News & Opinion | July 21, 2021 6:00 am

2020 Was the Most Stressful Year on Record, According to a New Poll

In other equally surprising news, the sky is blue and grass is green

1960s ANGRY MAN BUSINESSMAN DESK FULL OF BILLS PAPER WORK OFFICE STRESS FRUSTRATION
It was a rough year for everyone.
H. Armstrong Roberts/ClassicStock/Getty Images

Last year was a rough one, to say the least. It turns out that being forced to spend the majority of our time in isolation during a pandemic that also happened to take place during a contentious election year is not exactly great for one’s mental health. That’s a no-brainer, of course, but now we have scientific proof that 2020 was, in fact, the most stressful year on record.

According to a new Gallup poll released on Tuesday, 40 percent of adults surveyed said they felt worry or stress “a lot of the previous day,” the highest percentage recorded since Gallup initially began tracking negative emotions back in 2006. As Forbes points out, “The jump from 35% to 40% between 2019 and 2020 translates to about 190 million more people feeling stressed out compared to the previous year.”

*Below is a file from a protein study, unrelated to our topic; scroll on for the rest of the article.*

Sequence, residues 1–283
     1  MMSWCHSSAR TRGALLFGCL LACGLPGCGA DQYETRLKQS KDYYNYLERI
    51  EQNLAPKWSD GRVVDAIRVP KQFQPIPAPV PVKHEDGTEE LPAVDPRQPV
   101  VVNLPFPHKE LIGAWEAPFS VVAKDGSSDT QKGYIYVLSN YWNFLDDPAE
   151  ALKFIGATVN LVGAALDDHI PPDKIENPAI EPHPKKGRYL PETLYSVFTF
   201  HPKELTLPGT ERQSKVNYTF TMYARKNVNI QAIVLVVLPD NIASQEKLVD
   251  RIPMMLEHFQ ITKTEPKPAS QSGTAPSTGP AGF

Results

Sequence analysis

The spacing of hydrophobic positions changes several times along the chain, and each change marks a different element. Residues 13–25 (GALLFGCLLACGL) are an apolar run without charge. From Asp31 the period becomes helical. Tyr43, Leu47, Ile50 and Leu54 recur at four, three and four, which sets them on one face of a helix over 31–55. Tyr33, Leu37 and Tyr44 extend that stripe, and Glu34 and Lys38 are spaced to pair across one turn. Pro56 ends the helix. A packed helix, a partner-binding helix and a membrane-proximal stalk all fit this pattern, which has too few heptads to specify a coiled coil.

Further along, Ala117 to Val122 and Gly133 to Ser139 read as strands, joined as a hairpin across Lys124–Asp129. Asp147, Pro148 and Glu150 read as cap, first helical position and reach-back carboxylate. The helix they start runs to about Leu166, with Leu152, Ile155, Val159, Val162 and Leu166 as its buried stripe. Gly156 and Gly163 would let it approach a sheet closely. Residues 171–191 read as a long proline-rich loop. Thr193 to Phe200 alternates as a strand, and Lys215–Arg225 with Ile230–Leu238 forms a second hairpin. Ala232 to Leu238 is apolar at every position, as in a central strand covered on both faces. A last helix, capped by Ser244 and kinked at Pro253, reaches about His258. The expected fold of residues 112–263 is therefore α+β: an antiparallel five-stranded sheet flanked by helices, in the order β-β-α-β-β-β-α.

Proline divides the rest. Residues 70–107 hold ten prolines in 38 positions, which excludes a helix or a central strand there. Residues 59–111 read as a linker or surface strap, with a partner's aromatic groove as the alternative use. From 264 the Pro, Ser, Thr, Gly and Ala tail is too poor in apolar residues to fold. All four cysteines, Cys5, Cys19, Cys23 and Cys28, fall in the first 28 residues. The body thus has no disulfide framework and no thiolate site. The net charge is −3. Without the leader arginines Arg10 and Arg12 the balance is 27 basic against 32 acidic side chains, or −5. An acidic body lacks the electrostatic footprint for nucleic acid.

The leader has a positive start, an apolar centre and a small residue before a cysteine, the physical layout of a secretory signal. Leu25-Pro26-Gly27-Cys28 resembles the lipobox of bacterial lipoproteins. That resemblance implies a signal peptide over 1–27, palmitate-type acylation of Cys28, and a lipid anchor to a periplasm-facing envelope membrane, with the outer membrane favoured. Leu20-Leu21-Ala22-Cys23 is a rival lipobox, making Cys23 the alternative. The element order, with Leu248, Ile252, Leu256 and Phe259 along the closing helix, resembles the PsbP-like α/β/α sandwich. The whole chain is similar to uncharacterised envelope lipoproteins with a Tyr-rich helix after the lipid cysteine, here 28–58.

It makes sense that the uncertainty and financial burden of the pandemic would contribute to an increase in stress, but that wasn’t the only negative emotion that saw a big jump in 2020. In addition to stress and worry, respondents in the poll also reported record-high levels of sadness (27%) and anger (24%).

Some countries were more stressed in 2020 than others, however: Taiwan reported the lowest levels of negative experiences last year with a score of 13 on the index created by Gallup, while Iraq reported the most with 53. Iraqis also reported the highest levels of pain (56%), sadness (50%) and anger (51%).

The worst part? While the COVID-19 pandemic is certainly to blame for the big spike in reported stress levels, it’s actually just part of an ongoing trend. According to Gallup, negative emotions have been on the rise for the past 10 years. Here’s hoping 2021 can turn things around.